Going gently into that good night

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Going gently into that good night

Creating an exceptional end-of-life experience—for the veterinary client and the patient—is possible.
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Feb 17, 2016

It’s not easy. In fact it might be the hardest part of a veterinarian’s job. At a session on euthanasia and end-of-life care at the CVC in San Diego, Elizabeth Colleran, DVM, DABVP (feline) discussed how to make this difficult part of practice not only a gift for suffering patients, but an exceptional service for clients—even when things don’t go as planned.

• Talk the client through the experience ahead of time, including all the drugs, what the drugs will do (“This is sedative. It will heavily sedate your pet so your pet will be in a deep sleep,” for example. “This is the euthanasia solution. I will give it after the sedative/medicine and it will stop your pet’s heart.” Choose vocabulary carefully depending on the age, mental status and maturity of your clients), any reflexes the body may have as the pet passes, and the possibility of the pet’s losing urine or bowel control. In my experience, clients who know what to expect are not disturbed when their pets have a reflex or other odd reaction when passing. If the pet is in a client’s lap, I lay a pee pad under the pet in case the pet releases urine or feces.

• The gift of euthanasia should not be painful or scary for the pet. The key is heavy sedation before any euthanasia solution is administered, says Colleran. Nothing is given intramuscularly, and anything that might sting is considerably diluted. In some very ill patients, the sedative may be all that is required to end this precarious life. Clients should be prepared for that, too.

For cats, Colleran recommends intravenous administration of euthanasia solution via a butterfly catheter in a hind limb. Most of these cats have chronic pain, are hyperalgesic and can have significant allodynia, making intravenous catheter placement excruciatingly painful. I would only use a catheter if one were in place for other reasons.

Let the owner know that the pet has passed. After administering the drugs, always check the heart and confirm the death for the client. Don’t leave the room quickly; stay long enough to ensure that the client has come to terms with the loss.

What to do when things go wrong

Veins collapse, patients have unusual responses to medication—even the best veterinarian can have euthanasias that go south. Here is what to do when things don’t go as planned:

• Explain everything as you are doing it. Tell the owner that even though things aren’t going as planned, this is not an experience that is causing suffering for the pet. The sedative/medicine you gave a few minutes ago will keep her relaxed and unhurt by this event (even though it might be causing suffering for the owner and you).

• Say you’re sorry. Saying you are sorry doesn’t mean you did something wrong; it just means you are sorry it happened. Saying you are sorry is a powerful way to make sure you remain bonded to the client and that he or she will be back to see you, if or when that client gets another pet.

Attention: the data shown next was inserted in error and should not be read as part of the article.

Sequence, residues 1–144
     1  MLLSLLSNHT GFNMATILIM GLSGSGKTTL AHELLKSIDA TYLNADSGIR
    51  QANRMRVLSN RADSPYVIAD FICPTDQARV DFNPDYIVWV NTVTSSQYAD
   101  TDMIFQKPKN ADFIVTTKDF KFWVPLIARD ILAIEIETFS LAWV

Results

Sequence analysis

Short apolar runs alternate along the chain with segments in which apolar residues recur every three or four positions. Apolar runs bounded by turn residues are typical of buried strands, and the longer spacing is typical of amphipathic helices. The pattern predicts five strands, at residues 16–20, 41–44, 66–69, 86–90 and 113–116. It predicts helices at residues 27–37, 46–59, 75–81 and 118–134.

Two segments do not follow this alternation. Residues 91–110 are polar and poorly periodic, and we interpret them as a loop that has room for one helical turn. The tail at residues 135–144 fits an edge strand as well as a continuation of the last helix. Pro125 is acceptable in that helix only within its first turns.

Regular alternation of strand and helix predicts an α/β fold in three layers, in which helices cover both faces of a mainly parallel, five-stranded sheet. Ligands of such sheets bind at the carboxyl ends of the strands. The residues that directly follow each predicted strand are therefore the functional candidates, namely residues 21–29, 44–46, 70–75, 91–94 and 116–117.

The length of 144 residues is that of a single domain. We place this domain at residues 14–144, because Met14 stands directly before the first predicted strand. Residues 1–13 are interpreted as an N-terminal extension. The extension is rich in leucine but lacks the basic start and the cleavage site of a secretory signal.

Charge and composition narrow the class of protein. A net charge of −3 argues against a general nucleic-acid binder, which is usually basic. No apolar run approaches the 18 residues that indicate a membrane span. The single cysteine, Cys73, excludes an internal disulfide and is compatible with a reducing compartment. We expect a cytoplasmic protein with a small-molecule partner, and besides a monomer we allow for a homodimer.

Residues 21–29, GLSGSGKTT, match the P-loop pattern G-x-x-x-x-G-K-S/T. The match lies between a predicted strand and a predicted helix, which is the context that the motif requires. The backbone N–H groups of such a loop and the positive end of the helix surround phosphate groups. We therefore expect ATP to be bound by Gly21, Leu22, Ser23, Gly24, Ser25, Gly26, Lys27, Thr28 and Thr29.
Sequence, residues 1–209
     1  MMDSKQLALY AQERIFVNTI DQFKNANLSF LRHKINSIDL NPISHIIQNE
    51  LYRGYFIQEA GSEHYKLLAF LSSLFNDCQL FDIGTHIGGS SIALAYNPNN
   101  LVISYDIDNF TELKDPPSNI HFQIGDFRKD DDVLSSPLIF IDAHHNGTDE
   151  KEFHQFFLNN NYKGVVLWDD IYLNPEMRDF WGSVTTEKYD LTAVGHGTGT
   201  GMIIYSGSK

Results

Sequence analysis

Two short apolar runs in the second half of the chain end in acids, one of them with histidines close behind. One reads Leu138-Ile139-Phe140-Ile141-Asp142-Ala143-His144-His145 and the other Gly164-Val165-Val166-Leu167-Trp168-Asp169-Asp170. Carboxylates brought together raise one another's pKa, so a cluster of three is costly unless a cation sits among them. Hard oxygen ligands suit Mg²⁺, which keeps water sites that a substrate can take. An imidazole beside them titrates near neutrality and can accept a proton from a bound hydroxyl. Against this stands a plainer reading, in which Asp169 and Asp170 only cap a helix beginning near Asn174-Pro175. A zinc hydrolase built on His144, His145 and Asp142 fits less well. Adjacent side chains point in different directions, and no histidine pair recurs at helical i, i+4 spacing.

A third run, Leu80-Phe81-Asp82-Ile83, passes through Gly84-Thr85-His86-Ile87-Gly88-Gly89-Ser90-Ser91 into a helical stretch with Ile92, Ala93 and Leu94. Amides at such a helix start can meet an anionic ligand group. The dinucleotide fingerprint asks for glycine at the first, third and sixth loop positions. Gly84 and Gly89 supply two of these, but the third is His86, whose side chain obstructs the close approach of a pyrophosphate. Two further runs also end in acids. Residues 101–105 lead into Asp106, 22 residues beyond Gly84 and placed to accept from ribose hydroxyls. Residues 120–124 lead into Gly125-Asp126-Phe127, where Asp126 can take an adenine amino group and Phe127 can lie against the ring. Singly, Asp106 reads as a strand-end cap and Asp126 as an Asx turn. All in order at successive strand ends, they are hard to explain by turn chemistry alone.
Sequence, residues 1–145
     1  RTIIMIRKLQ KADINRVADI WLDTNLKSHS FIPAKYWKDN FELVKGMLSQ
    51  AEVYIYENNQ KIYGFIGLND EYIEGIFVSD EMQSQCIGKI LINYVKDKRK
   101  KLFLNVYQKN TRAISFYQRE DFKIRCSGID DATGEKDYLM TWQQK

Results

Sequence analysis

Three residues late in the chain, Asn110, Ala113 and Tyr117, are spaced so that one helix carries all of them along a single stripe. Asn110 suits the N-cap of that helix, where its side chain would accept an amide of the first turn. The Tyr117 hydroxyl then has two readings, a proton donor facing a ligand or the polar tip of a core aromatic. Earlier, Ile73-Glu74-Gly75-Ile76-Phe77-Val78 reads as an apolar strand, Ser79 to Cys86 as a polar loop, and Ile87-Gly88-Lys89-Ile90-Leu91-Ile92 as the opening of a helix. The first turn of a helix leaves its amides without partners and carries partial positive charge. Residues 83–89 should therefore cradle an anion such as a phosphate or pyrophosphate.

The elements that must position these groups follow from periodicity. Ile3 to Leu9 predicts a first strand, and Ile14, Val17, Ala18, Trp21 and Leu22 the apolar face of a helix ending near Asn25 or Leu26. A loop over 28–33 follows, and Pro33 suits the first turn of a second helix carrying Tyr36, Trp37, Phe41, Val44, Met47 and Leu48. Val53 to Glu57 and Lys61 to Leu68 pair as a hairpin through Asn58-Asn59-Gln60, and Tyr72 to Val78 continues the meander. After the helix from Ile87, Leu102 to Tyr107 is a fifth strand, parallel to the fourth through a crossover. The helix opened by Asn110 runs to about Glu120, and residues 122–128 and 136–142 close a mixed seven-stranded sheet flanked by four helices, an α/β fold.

Acceptable alternative routes for euthanasia administration

There may be times when traditional euthanasia methods may not be the best option for feline patients, especially when intravenous administration routes are not available. The following methods are not recommended in dogs because of large volumes of euthanasia solution required and length of time to effect. Further, Colleran only recommends these routes in cats that are already heavily sedated, unconscious or anesthetized.

Intraperitoneal. For dehydrated cats with poor venous access, the intraperitoneal injection route is considered reasonable. Prepare the client that the pet will not suffer and that painless death will ensue in about 20 minutes. This route can be preferable for some clients who want additional time to say goodbye. Note that there is a dosage alteration with this method—calculate a three- to four-fold increase in the volume injected.

Intrarenal. In thin cats, intrarenal administration of the euthanasia solution may be preferable. The easily palpable left kidney rests outside the retroperitoneal space and is accessible for intrarenal injection. In a recent study by Kathleen Cooney, DVM, MS, time to cardiopulmonary arrest after intrarenal injection of euthanasia solution was less than one minute, and 95 percent of heavily sedated cats had no reaction to the injection.1 Cooney recommends a 3 to 6 ml total dose per cat; inject until a palpable bleb in the kidney is felt.

Avoid this … One method that should rarely—if ever—be used considering all other options, is intracardiac injection. The AVMA guidelines for humane euthanasia state intracardiac injections should not be performed on conscious animals. Colleran goes a step further to say it would be unethical in a sedated, nonanesthetized cat and highly inappropriate in the presence of owners.

Reference

1. Cooney K. Research findings for intrarenal injection study in cats. American Veterinary Medical Association Human Endings Symposium, Nov 2014.